Avila said it’s up to parents, not the state, to determine the suitability of individual day care centers for their children. She said that when her children were young she investigated her child care options fully before deciding on a small, in-home day care.
She said she knew what her children were fed and what activities they were engaged in. “I had a very close relationship with the ladies that worked with my kids over the years,” she said.
“Can’t we just assume, God forbid, that parents maybe know best, and they’re concerned enough to question what’s being done at these places?” Avila asked.
Scott Bullock, a senior attorney with the Institute for Justice in Washington, D.C., said the bill sounded like it was full of “classic nanny-state provisions” that infringed upon day care providers’ economic liberty and parents’ rights to raise their children as they saw fit.
“This is the state interjecting itself into a matter that should be between parents and those they entrust their children to,” Bullock said.
He said parents are perfectly capable of negotiating menu items and dietary restrictions for their children.
“It’s sort of this assumption that parents aren’t responsible or that they cannot make decisions on their own,” he said.
He wondered into what personal areas of life the attitude that “government knows best” would intrude next: “If we can do this in day care centers, why shouldn’t it be mandated in the home?”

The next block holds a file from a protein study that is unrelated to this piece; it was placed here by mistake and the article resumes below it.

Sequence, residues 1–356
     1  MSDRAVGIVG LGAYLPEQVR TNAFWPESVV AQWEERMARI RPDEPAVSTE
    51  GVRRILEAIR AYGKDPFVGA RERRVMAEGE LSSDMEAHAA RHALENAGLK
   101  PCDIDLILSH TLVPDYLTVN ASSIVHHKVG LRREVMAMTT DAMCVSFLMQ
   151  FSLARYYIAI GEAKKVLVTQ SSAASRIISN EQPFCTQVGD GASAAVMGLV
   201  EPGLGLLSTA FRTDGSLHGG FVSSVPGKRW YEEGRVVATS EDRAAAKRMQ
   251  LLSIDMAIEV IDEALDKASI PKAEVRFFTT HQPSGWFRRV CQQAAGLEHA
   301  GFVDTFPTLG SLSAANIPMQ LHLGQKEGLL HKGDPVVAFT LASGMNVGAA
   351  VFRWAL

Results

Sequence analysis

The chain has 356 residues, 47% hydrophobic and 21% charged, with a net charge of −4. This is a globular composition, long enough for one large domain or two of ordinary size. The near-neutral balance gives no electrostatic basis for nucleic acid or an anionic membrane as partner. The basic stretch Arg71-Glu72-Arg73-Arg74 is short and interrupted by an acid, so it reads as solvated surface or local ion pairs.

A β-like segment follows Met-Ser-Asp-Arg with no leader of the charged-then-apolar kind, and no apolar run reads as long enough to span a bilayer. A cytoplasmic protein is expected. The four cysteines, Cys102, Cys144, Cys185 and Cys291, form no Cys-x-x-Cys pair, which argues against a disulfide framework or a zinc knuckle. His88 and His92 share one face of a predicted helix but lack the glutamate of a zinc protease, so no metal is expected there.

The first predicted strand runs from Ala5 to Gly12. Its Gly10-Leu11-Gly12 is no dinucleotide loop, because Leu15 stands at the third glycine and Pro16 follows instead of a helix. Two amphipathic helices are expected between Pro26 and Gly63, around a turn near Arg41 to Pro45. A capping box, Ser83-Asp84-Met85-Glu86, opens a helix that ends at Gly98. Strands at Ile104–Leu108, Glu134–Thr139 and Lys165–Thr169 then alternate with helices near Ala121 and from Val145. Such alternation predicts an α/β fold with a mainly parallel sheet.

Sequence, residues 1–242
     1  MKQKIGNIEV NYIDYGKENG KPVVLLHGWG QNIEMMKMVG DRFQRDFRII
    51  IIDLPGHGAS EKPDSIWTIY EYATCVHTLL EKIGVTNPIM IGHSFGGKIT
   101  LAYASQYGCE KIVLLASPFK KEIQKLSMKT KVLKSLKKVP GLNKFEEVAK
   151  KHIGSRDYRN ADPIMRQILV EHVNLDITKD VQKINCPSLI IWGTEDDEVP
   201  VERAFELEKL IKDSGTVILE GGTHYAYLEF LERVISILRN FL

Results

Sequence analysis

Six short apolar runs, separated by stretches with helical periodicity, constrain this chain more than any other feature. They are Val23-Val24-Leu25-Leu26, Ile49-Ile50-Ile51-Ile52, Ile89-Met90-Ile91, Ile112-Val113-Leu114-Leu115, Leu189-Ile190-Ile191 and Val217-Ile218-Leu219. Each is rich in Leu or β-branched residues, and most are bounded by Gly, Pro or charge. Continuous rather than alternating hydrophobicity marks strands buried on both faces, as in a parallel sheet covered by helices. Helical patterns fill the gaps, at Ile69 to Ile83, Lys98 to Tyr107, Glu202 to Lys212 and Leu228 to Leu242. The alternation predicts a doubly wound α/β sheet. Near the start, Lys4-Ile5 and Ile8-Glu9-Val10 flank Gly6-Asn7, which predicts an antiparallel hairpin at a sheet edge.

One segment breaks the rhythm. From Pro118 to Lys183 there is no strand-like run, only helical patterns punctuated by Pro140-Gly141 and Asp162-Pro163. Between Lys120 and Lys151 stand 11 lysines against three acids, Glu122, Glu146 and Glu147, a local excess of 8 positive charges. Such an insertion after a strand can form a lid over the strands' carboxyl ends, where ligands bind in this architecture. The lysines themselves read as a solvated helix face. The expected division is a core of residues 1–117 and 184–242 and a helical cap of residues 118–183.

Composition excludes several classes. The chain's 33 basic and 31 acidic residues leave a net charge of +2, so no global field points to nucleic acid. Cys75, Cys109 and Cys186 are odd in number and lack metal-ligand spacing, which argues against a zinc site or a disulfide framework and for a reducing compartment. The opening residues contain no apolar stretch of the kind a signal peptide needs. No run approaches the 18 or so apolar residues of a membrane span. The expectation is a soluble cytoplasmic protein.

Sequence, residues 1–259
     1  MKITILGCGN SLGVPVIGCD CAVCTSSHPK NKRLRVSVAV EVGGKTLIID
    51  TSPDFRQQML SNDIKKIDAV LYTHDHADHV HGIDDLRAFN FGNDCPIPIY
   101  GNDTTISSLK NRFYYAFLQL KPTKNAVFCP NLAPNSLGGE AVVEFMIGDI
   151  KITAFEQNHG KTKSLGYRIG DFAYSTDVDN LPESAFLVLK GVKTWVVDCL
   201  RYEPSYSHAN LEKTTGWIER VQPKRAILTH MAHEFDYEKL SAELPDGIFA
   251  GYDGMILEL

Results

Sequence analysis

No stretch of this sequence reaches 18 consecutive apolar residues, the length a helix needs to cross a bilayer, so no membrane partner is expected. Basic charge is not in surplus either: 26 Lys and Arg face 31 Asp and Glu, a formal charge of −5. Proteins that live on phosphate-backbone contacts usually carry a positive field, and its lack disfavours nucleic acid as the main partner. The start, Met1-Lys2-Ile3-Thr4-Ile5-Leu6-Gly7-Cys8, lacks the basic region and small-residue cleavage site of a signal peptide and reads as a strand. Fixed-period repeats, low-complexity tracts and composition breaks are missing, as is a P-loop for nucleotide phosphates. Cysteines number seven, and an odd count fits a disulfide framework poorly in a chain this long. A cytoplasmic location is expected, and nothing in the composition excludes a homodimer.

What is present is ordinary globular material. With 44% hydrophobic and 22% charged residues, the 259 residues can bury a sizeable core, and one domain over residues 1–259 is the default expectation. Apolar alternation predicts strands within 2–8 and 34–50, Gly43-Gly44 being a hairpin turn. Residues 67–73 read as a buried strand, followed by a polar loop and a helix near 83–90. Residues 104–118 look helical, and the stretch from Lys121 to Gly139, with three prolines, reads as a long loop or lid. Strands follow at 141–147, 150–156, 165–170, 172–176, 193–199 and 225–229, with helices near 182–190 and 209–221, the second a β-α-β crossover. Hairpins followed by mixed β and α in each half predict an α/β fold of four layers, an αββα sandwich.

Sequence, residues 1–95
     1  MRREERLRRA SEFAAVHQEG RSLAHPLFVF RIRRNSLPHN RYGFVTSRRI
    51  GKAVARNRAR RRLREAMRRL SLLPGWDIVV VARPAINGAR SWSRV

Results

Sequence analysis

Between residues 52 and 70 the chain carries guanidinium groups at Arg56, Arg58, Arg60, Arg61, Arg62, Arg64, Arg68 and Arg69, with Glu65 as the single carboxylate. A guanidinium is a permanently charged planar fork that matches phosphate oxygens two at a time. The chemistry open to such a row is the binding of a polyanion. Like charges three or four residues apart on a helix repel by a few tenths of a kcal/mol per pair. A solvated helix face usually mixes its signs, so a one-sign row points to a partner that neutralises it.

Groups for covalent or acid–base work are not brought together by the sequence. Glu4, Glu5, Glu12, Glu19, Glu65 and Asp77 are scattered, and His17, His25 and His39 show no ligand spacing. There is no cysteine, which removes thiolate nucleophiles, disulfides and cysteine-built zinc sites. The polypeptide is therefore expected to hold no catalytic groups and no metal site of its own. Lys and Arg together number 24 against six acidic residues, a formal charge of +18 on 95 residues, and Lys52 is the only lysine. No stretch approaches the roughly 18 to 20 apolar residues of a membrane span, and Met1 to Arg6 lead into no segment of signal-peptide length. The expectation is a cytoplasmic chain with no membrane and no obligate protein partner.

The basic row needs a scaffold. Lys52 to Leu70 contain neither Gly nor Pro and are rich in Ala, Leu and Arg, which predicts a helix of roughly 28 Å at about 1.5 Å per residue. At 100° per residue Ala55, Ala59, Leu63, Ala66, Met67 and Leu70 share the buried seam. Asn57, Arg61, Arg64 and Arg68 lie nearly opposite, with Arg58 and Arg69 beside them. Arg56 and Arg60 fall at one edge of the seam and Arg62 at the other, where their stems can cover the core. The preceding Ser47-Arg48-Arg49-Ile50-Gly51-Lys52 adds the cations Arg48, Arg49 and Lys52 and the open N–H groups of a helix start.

S.B. 1286, now before the House and Senate health committees, would require all children receiving Medicaid or participating in the Health Choice for Children Program to undergo BMI screening; the Department of Health and Human Services would use this data to work with other government agencies “to improve the health of children.”
Although the Senate version of the bill focuses on screening children receiving Medicaid, the House version makes it a goal to reduce BMI levels in all children.
Lawmakers haven’t decided whether to administer the screenings to all children in schools or only to children on Medicaid in doctors’ offices.
When Arkansas conducted BMI screenings on school children, under the administration of Republican Gov. Mike Huckabee, some students refused to participate and some parents threatened to sue, upset that schools were embarrassing their children and “calling them fat.”
The Arkansas program cost the state an estimated $1 million in the first year, not including costs to local districts and schools. Some principals complained the program was an “unfunded mandate” that added to the burden of overworked school nurses and support staff.
Purcell said the immediate goal is to screen children enrolled in Medicaid or the Health Choice for Children Program. He said the General Assembly might require providers enrolled in Community Care of North Carolina — a public–private partnership between the state and nonprofit community healthcare networks — to implement the screenings.
He said keeping kids’ weight under control was the government’s business “if for no other reason because it’s a terrific cost to the taxpayers to pay for the consequences of obesity.”
He said the state spends “millions of dollars a year” on diabetes, heart disease, and other obesity-related diseases.
Other task force recommendations include:
• Appropriating $5 million to transfer children from the reduced-lunch program to the free-lunch program
• Spending $12 million to “retrofit” school cafeterias and train cafeteria workers to “present fresh fruit and vegetables in a manner that invites kids to select and eat”
• Spending $15 million in federal funds to encourage children to walk to school by building safer and more “walkable” sidewalks
Sara Burrows is an associate editor of Carolina Journal.